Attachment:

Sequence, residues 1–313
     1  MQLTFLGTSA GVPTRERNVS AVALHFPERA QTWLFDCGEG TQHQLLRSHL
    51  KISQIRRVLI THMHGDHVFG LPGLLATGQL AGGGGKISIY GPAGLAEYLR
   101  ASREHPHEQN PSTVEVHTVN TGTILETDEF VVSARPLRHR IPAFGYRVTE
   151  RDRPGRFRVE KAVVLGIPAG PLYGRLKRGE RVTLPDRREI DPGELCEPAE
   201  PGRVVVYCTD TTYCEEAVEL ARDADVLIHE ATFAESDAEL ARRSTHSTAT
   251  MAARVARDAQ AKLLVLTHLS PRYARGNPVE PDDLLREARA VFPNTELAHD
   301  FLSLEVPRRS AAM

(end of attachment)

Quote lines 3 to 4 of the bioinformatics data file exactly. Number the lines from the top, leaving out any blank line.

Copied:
    51  KISQIRRVLI THMHGDHVFG LPGLLATGQL AGGGGKISIY GPAGLAEYLR
   101  ASREHPHEQN PSTVEVHTVN TGTILETDEF VVSARPLRHR IPAFGYRVTE